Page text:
While I believe that parenting the first time around involves a big learning curve for most couples, the additional commotion and complications of two at a time poses an extra challenge that is exhausting and depleting. The good news is that this stage does not last forever. In fact, these little dynamos turn into loving preschoolers who remind us about the infinite wonders of life all around us that we often take for granted.
Posted in: Adolescent Twin Dilemmas, Babyhood, Preschool, Sibling rivalry, Toddler, Twin bliss, Twins Mystique, Twins Stereotype, Twins and Parental Connections
Posted in: Dr. Joan Rants, Sibling rivalry, Twins Mystique, Twins Stereotype, Why?
Parents of twins often feel like dreadful failures if their twins are not close. Do they need more reasons to feel inadequate?
Most parents hope that their children will be close; however, some parents of twins seem to assume or expect that closeness is part and parcel of the twinship.
I do understand how this expectation is created.
It is another manifestation of the “twin mystique” – a mindset which defines how twins should feel about one another. While it may seem counterintuitive, the more latitude and permission that you give your twins to have ambivalent feelings, the more psychic room you are providing to articulate, manage, and negotiate predictable conflicts that most siblings encounter.
Remember, often in the course of human interactions familiarity breeds contempt. Are twins exempt from these feelings just because they have that special twinship bond? I don’t believe so.
I do firmly concur that twins share an undeniable intimacy that is viable and authentic.
In my opinion the healthiest way to nurture this special bond is to foster free expression of twin differences so that they are free to love one another as individuals instead of feeling obligated to love one another because they are twins.
Food for thought? What do you think - do twins have to be best friends?
Posted in: Babyhood, Sibling rivalry, Twins Stereotype
We often “label” our children as a means of distinguishing each one’s personality, quirks, or differences. We innocently remark, “He’s very sociable, she’s a go-getter, he’s introspective, she’s a people pleaser.” However, in the case of twins, this naming or labeling frequently turns into an identity rather than a well-intentioned description. Twins struggle throughout their lives to find and define their uniqueness. Careless and thoughtless labeling by family and friends makes a challenging situation even more overwhelming.
With two same age siblings sharing mom, dad and physical space practically 24/7, neither twin has much of an opportunity to be known or recognized for him or herself. So, what often begins as a seemingly harmless distinction may turn into a long lasting characterization.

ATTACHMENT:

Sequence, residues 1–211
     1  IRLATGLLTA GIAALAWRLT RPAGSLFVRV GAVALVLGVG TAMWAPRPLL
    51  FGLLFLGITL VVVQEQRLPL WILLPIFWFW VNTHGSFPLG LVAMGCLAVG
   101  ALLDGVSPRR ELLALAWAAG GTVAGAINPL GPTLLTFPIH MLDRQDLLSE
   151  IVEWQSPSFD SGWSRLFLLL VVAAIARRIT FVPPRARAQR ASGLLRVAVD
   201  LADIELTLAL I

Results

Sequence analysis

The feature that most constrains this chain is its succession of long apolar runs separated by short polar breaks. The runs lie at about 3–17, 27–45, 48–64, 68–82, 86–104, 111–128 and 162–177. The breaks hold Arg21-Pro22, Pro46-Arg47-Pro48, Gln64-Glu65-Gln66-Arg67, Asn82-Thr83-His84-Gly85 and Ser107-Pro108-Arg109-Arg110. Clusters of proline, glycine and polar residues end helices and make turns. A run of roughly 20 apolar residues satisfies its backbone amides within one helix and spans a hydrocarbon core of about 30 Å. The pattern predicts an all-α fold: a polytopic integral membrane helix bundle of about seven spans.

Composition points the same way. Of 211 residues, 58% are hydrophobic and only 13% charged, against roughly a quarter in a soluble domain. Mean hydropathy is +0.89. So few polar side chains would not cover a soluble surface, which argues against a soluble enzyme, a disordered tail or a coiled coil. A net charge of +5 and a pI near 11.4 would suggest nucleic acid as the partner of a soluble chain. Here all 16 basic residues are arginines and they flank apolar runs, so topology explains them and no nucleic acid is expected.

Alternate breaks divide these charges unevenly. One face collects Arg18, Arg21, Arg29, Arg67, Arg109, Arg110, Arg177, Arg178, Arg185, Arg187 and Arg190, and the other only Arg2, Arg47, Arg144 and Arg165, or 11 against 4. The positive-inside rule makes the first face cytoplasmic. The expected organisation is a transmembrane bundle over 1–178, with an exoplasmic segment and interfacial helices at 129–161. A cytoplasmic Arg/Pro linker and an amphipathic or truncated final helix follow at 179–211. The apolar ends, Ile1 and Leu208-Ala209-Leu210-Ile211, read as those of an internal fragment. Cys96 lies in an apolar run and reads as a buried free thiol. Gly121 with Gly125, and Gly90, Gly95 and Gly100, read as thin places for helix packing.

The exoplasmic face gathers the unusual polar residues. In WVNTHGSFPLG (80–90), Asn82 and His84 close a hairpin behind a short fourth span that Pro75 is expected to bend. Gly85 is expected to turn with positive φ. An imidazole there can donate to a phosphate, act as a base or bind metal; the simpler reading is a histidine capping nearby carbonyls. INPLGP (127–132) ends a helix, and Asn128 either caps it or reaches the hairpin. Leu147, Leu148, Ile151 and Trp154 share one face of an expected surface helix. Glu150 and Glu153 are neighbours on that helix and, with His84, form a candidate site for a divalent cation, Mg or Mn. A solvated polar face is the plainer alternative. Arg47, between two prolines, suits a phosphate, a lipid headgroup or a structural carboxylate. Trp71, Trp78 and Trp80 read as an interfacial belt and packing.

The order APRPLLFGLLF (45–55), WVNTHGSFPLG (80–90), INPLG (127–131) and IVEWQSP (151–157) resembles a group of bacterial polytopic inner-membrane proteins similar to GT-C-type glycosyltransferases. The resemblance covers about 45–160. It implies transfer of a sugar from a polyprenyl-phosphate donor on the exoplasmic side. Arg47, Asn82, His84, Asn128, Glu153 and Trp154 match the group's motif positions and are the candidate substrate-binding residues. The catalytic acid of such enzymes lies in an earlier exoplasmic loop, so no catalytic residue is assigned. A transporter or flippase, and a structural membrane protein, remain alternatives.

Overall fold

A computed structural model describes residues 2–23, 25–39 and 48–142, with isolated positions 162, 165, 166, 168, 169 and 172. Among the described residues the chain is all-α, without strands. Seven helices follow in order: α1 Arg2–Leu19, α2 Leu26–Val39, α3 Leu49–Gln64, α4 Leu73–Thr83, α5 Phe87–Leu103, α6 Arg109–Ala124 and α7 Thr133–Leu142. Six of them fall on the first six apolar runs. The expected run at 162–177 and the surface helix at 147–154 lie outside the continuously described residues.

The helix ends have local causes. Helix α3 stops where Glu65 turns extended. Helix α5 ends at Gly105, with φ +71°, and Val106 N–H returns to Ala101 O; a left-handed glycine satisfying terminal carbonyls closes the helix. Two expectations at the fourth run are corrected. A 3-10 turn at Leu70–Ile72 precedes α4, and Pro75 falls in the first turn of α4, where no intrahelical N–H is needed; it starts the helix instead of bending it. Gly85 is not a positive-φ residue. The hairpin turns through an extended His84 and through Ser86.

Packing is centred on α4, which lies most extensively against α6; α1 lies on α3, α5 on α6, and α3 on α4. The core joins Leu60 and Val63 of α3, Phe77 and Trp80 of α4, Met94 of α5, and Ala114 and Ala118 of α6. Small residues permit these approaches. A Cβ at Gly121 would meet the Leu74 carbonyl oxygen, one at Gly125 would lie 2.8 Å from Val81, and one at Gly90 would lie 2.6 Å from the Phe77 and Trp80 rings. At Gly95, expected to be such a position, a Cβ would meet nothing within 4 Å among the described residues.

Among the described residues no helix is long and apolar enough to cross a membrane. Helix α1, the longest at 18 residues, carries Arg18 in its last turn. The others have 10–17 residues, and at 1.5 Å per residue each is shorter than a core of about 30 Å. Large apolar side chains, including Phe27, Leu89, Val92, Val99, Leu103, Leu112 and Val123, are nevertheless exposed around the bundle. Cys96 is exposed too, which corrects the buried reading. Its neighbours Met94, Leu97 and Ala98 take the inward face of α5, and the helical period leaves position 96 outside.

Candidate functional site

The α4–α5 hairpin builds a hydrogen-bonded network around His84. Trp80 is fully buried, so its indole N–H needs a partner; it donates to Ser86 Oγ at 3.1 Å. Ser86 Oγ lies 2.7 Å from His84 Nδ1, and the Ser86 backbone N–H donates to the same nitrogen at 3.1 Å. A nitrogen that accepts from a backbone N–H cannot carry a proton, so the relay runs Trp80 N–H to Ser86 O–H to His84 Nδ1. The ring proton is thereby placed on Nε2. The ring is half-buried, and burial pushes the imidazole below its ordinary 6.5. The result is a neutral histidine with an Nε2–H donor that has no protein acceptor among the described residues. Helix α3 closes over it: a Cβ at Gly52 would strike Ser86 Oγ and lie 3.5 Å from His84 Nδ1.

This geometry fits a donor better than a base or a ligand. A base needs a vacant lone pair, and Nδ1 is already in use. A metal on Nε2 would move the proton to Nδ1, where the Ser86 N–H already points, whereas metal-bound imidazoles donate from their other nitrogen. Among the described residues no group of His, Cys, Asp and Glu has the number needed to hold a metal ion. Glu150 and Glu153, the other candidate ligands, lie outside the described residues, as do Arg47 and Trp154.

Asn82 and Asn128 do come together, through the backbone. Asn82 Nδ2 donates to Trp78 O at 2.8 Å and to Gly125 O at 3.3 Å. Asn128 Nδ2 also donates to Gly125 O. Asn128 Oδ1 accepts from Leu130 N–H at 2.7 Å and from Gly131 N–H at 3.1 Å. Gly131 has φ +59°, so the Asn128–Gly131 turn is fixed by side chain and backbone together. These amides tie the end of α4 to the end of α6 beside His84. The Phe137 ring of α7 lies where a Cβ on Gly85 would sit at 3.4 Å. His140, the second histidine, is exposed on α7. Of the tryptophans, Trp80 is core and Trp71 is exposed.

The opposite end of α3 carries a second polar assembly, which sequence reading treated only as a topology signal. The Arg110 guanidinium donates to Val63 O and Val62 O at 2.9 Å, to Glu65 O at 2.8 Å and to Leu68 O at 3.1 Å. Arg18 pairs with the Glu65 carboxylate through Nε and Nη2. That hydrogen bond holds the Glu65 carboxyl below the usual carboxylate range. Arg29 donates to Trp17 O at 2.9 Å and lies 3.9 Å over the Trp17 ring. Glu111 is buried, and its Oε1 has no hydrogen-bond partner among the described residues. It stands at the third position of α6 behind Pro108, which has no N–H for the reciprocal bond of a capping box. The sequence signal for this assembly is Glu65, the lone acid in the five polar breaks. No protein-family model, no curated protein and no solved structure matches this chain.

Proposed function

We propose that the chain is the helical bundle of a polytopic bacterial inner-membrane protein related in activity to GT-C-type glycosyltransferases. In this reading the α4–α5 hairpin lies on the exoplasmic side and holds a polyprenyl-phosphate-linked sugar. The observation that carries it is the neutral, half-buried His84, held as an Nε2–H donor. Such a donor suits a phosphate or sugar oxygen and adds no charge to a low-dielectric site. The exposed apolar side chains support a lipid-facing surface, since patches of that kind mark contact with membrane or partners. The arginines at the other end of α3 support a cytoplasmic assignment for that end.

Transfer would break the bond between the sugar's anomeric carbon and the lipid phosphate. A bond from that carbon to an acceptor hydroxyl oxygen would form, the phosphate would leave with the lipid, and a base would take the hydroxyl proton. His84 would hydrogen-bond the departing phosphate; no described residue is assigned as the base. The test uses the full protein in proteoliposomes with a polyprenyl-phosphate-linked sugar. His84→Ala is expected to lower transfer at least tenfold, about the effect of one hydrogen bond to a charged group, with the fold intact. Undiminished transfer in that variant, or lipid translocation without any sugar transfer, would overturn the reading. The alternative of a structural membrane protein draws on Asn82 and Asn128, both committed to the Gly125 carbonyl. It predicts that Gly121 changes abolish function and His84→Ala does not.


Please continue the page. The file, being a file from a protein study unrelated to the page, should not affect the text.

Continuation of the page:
The other day I was speaking with a mom who has 2 1/2 year old twin girls and a one year old son. She described how one twin is very kind, maternal, and loving toward her younger brother while the other twin is angry, rejecting, and disinterested. Mother expressed concern that the “angry” twin was not behaving like her sister. I explained that most children have some sort of reaction to the birth of a sibling. In the case of twins responding to a new baby, there can be a definitive difference.
If one daughter covets the role of loving mommy toward her baby brother, what role is left for her sister to play? If she, too, acts as the loving mommy, she has one more reason to compete with her sister – this time for the attention of the new baby. If she does not feel like participating in yet another competitive struggle, she can devise a different and distinct strategy – which is to behave in an oppositional way as the hostile, angry, and unloving older sister.
I told this mom that I appreciated this mean-spirited strategy because the “angry” daughter refused to pretend to be a good girl; she was articulating her distress and sadness in an authentic way. I advised that mom attempt to help her daughter talk about her angry feelings with empathy and understanding and to let her daughter know that she understands how she feels and that things will get better. I also suggested that she take out her “angry” daughter alone so that she feels reassured that her angry feelings don’t make her unlovable; also taking her out alone with the baby will provide her with an opportunity to engage with her brother without being burdened by her sister.
The twin dynamic makes the sibling issue a bit more complicated. Parents seem more accepting about a singleton’s ambivalent feelings toward a new baby because there is no other child with whom to compare or judge his behavior. Parents of twins are consistently thrown into this world of compare and compete.
Parents who have worked diligently to carve out a separate attachment to each twin will feel better equipped to handle these inconsistencies with less guilt and fear that they are showing favoritism or special treatment. They won’t “label” their twins because they will understand this behavior is an adjustment reaction that will resolve over time - NOT a permanent personality trait that will distinguish one twin from the other.